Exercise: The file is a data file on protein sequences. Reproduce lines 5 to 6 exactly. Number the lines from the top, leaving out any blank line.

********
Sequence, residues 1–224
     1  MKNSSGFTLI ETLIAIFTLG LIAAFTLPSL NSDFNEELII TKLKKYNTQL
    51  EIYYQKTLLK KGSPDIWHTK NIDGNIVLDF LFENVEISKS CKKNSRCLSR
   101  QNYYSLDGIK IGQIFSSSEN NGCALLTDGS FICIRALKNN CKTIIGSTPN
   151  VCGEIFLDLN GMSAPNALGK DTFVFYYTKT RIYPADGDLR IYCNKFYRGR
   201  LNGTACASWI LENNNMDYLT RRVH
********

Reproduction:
   151  VCGEIFLDLN GMSAPNALGK DTFVFYYTKT RIYPADGDLR IYCNKFYRGR
   201  LNGTACASWI LENNNMDYLT RRVH